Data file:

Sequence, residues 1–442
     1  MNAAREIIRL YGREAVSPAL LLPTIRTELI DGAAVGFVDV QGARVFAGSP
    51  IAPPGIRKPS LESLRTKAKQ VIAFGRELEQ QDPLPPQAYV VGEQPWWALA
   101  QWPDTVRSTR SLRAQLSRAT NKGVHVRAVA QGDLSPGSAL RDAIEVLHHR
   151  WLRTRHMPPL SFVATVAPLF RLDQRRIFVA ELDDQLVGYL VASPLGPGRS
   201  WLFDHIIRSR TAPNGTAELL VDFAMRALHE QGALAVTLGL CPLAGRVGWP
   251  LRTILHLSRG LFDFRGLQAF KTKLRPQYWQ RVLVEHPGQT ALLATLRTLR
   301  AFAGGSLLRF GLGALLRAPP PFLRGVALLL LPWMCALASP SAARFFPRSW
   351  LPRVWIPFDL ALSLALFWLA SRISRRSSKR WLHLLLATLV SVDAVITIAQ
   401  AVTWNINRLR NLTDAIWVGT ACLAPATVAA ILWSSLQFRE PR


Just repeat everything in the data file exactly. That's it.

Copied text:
Sequence, residues 1–442
     1  MNAAREIIRL YGREAVSPAL LLPTIRTELI DGAAVGFVDV QGARVFAGSP
    51  IAPPGIRKPS LESLRTKAKQ VIAFGRELEQ QDPLPPQAYV VGEQPWWALA
   101  QWPDTVRSTR SLRAQLSRAT NKGVHVRAVA QGDLSPGSAL RDAIEVLHHR
   151  WLRTRHMPPL SFVATVAPLF RLDQRRIFVA ELDDQLVGYL VASPLGPGRS
   201  WLFDHIIRSR TAPNGTAELL VDFAMRALHE QGALAVTLGL CPLAGRVGWP
   251  LRTILHLSRG LFDFRGLQAF KTKLRPQYWQ RVLVEHPGQT ALLATLRTLR
   301  AFAGGSLLRF GLGALLRAPP PFLRGVALLL LPWMCALASP SAARFFPRSW
   351  LPRVWIPFDL ALSLALFWLA SRISRRSSKR WLHLLLATLV SVDAVITIAQ
   401  AVTWNINRLR NLTDAIWVGT ACLAPATVAA ILWSSLQFRE PR